The Department of Health and Social Care has provided the following answer to your written parliamentary question (119393):
Rt Hon Sir John Redwood MP (Wokingham) (Con): To ask the Secretary of State for Health and Social Care, what plans he has to secure value for money from the additional funds allocated to the NHS for 2022-23. (119393)
Tabled on: 07 February 2022
Edward Argar, Minister of State:
The new Health and Social Care Levy provides £23.3 billion for the National Health Service over the Spending Review period. We will ensure that this investment is provided for frontline care in England, increasing efficiencies and using reforms to improve productivity. This will include prioritising diagnosis and treatment, transforming the delivery of elective care and providing better information and support to patients.
The answer was submitted on 15 Mar 2022 at 09:50.
I asked this question for a variety of reasons. I think it will prove difficult to switch the money from this tax from the NHS to social care over the course of the next three years as planned. I am concerned that it will lead some people to think £12bn extra on the huge NHS budget or £12 bn in total for social care will handle the needs of each service, when the current totals on public health and government financed social care in the UK is already at £230bn. I am concerned about how the money will be spent, wanting to see more detailed plans of how the money is spent on the extra nurses, doctors, medicines and procedures that are needed to clear the backlists.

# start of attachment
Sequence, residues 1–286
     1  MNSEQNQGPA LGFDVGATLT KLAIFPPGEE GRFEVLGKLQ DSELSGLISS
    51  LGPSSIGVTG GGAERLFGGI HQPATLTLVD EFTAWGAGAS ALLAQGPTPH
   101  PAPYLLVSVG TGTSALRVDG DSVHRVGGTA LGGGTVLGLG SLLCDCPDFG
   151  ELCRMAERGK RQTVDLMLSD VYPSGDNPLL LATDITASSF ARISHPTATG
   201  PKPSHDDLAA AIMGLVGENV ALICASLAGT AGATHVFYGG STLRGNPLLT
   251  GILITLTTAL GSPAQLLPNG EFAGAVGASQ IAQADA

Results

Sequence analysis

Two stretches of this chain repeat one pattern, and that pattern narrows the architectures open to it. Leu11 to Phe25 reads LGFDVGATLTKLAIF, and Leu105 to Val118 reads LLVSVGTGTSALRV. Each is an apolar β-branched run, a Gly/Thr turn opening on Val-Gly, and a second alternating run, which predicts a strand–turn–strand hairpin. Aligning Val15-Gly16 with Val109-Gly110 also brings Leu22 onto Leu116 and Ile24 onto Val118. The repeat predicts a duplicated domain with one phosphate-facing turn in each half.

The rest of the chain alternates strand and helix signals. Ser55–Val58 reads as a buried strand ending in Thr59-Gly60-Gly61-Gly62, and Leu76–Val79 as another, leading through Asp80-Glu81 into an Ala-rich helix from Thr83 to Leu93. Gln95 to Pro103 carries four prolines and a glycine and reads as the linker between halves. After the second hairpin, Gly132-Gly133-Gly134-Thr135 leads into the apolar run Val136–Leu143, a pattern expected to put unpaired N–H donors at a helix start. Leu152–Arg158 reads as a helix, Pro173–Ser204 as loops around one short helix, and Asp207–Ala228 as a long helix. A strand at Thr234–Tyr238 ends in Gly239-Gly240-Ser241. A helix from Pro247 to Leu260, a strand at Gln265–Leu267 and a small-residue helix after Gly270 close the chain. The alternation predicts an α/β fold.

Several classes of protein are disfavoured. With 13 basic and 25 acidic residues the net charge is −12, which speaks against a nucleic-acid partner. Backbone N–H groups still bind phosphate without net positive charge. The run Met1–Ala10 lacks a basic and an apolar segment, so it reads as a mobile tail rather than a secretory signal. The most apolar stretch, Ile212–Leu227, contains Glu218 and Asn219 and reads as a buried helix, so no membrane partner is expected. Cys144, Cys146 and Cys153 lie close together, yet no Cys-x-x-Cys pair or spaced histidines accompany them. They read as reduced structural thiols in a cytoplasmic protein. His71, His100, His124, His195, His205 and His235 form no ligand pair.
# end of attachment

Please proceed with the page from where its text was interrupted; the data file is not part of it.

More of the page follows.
There are savings to be banked from the end of the pandemic. The large costs in setting up and rolling out new vaccines and the test and trace system will be behind us, and the high costs of the early intensive care of covid patients will be much reduced now the vaccines cut the numbers and reduce the severity of the disease for most patients. I am also trying to find out how costs will change following the current reorganisation of management structures where presumably efficiency was part of the original plan behind yet another reorganisation.